Jonathan Simons, Psy.D.
Psychotherapist, Woodland Hills, CA
How do I know if I need therapy?
In all likelihood if you’re perusing this, or any other counseling oriented website, you’re very open to seeking therapy or may have already made the decision to seek therapy. But if you’re still unsure, ask yourself these questions:
Am I having difficulty with a decision in my life?
Am I having difficulty sleeping?
Am I having rampant or rapid thoughts?
Am I functioning optimally?
Do I feel lost?
Does something just feel like it’s missing?
If the answer to any of these questions, or any variation of these questions, is even remotely yes, you will benefit from therapy.
What can I expect from therapy?
Ostensibly people come to therapy to feel better. Often they have sought medical treatment only to find that there is nothing physically “wrong” and so a decision may be made to explore psychological issues. Regardless of what initially brings a person to therapy, the goal is to feel better. This may come in the form of emotionally unburdening one’s self (getting it all “out there”), symptom reduction by cognitively or behaviorally changing a troubling pattern, or longer term work geared toward developing deeper insight or delving into one’s unique relationship with his/her existence.
What happens in the first session?
Naturally a first session is an introduction. It allows me to get a sense of who you are and of course what brings you to therapy. But it is also an opportunity for you to get a sense of me and whether you feel we are a good “fit” for your therapeutic endeavor. Basically we are getting to know each other and this may take a couple of sessions. Very often, people leave their first session realizing that they’ve put off seeking therapy far too long.
How long will therapy take?
When someone new comes to my yoga classes, I tell them that their body didn’t stiffen up overnight, so it won’t loosen up overnight either. Furthermore, the loosening up process is not perfectly progressive nor is it without some discomfort. You may come to therapy with a particular issue to work through, crises to resolve, or behavior to address. These goals can often be accomplished in 6-12 sessions. I also have clients whom I have seen for many years, people interested in deeper work. You may be thinking that these people are crazy and need a lot of help. In fact, quite the contrary. Long term therapy clients are typically emotionally very healthy and they value their time to explore many facets of their lives. I also have people who come and go. People often come to therapy to work on an issue, reach their goal, and then months or even years later come back to deal with something else. Bottom line, it’s your life and the choice is always yours. Just know you may cry a little, but also, hopefully, laugh a lot.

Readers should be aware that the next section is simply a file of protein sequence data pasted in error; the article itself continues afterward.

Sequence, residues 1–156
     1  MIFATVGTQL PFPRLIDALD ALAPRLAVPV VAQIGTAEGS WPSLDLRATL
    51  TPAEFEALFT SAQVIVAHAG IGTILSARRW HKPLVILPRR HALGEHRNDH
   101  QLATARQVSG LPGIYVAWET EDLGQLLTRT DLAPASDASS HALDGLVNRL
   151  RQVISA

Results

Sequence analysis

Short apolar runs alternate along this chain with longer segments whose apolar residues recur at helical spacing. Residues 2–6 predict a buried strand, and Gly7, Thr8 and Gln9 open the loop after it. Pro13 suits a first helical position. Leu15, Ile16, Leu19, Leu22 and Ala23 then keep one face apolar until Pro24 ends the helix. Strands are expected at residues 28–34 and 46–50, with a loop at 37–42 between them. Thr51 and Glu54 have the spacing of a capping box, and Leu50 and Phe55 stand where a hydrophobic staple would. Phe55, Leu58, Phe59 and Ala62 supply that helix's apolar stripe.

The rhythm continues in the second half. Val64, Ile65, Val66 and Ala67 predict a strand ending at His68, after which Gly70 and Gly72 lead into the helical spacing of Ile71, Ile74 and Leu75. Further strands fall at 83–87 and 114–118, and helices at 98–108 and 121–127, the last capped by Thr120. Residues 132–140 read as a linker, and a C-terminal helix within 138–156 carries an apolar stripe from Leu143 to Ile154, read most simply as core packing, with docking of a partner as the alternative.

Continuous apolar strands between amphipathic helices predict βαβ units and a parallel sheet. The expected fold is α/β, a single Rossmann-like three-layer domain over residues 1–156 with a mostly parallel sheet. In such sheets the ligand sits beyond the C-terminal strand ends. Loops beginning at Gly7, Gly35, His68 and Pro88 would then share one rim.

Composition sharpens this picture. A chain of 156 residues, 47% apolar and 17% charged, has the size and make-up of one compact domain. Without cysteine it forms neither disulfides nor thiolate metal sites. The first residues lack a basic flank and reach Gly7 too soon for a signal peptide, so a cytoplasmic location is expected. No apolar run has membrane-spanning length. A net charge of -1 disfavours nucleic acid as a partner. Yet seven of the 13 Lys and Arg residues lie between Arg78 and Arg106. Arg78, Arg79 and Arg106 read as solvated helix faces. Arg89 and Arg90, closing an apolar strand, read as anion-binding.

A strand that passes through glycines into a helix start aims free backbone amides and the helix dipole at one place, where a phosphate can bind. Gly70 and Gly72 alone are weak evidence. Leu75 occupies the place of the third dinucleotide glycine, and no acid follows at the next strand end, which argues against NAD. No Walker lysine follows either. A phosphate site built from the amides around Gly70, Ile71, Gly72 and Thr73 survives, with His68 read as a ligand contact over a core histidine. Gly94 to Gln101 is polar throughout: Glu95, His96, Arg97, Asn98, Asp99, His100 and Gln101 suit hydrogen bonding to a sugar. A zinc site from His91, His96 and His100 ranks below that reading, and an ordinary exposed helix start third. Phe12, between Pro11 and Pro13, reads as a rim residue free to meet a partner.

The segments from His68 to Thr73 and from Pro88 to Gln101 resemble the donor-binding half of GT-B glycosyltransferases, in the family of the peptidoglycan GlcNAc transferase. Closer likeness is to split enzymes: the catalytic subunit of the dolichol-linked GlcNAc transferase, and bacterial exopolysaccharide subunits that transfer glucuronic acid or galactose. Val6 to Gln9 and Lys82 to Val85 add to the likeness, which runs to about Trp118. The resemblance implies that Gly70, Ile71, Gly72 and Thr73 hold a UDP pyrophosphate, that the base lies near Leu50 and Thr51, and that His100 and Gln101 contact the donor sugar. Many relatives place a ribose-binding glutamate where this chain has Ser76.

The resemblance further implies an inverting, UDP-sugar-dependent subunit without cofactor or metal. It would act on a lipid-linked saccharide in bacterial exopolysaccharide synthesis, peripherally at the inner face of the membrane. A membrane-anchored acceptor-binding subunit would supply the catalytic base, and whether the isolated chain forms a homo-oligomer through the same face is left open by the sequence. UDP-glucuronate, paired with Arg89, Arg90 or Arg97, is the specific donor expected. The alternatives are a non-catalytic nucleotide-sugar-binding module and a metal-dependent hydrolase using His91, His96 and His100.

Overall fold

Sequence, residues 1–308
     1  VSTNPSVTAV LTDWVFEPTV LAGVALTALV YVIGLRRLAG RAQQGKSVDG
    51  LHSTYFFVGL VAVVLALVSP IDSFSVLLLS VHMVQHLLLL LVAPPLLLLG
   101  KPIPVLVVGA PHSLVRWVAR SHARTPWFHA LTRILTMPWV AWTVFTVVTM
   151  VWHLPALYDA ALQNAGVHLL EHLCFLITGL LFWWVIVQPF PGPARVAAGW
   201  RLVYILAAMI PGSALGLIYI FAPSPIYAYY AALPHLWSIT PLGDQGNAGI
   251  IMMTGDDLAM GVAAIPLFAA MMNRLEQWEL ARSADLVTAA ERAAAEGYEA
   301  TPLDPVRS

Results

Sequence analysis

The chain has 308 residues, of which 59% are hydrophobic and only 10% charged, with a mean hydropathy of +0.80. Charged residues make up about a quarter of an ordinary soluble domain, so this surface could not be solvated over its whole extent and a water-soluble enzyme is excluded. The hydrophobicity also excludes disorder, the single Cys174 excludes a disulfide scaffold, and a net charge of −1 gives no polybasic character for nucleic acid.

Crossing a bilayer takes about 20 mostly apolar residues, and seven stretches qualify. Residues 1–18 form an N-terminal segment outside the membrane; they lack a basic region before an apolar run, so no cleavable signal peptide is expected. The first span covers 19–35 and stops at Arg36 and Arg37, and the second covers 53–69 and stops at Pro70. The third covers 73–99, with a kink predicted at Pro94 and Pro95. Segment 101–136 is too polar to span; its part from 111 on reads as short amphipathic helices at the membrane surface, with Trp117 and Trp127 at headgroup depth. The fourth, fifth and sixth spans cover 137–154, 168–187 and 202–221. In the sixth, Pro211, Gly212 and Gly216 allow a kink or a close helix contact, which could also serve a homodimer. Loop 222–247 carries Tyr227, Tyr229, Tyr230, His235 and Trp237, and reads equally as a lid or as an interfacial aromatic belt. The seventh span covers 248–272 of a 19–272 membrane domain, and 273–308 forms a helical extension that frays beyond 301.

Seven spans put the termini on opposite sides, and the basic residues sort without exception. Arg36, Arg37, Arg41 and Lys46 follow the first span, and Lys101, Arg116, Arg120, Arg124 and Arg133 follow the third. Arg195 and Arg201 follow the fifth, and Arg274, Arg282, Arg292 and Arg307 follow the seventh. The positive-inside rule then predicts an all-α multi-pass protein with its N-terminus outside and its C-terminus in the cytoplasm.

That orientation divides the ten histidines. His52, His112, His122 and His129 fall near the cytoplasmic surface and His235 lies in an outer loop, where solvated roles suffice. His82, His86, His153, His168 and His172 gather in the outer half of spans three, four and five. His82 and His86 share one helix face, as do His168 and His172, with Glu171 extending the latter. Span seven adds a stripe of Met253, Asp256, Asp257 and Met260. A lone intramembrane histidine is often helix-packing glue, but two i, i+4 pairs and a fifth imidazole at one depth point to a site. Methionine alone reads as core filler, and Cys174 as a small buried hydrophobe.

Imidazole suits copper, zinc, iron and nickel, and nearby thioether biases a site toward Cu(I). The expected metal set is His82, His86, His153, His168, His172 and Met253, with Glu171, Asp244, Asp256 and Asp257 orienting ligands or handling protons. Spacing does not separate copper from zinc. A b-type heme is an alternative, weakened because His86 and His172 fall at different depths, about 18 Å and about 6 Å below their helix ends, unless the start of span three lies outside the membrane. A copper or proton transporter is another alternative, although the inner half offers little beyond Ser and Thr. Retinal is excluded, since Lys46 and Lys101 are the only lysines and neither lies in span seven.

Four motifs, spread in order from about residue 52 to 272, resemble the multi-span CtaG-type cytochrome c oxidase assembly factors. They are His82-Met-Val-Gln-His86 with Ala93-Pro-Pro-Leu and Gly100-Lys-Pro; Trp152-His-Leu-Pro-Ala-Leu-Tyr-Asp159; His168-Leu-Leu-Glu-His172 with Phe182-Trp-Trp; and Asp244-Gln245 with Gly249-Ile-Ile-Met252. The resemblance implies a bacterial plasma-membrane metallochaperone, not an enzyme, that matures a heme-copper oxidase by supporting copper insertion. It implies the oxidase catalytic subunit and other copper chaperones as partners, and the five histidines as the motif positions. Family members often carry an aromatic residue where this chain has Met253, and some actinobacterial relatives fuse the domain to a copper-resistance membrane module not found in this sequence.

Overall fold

How long do sessions last and how often will I see you?
One session is approximately 50 minutes and a general rule of thumb is once a week. Sometimes people come more than weekly, but only when they recognize that this may be helpful. Rarely have I taken the initiative to recommend greater than weekly sessions. I also have people who I see every other week or even monthly. However, these are typically longer term clients and I don’t recommend this initially.
Am I covered by my health insurance policy? Should I even use my health insurance?
Each health insurance carrier differs in its coverage of mental health needs. Furthermore, your particular policy may or may not include this kind of coverage.
Whether you use this coverage even if you have it, this is a touchy subject. When a third party is involved you lose a degree of confidentiality. In other words, the fact that you are seeking therapy is part of your medical records and depending upon your coverage, details of your therapy may also become part of your records.
Using insurance often involves authorization for treatment and continually requesting additional sessions. Furthermore, using insurance requires a medical diagnosis which makes many people uncomfortable and may not even adequately address why you have sought therapy.
How would yoga benefit me and how does it differ from psychotherapy?
Here in America the vast practice of yoga has largely come to be associated with the physical practice. In that regard, it is wonderful exercise that strengthens the entire body while greatly improving flexibility. Additionally, every system of the body is improved and it is well known that physical exercise improves mood. But with the physical practice of yoga comes an extraordinary meditative experience that can allow for deep introspection and profound relaxation. Yoga is often considered a physical portal into one’s inner world where one can find his or her authentic self and allow that self to flourish.
What if I’m not very flexible or physically fit?
Even the most “proficient” yogi started with his or her first practice. In the truest sense, yoga is for every body and everybody can benefit from this practice. Weather young or old; slim or carrying some extra pounds; physically fit or just starting an exercise program; yoga has remarkable benefits. All one needs is a willingness to try; a patient teacher; and an open heart that isn’t attached to being perfect.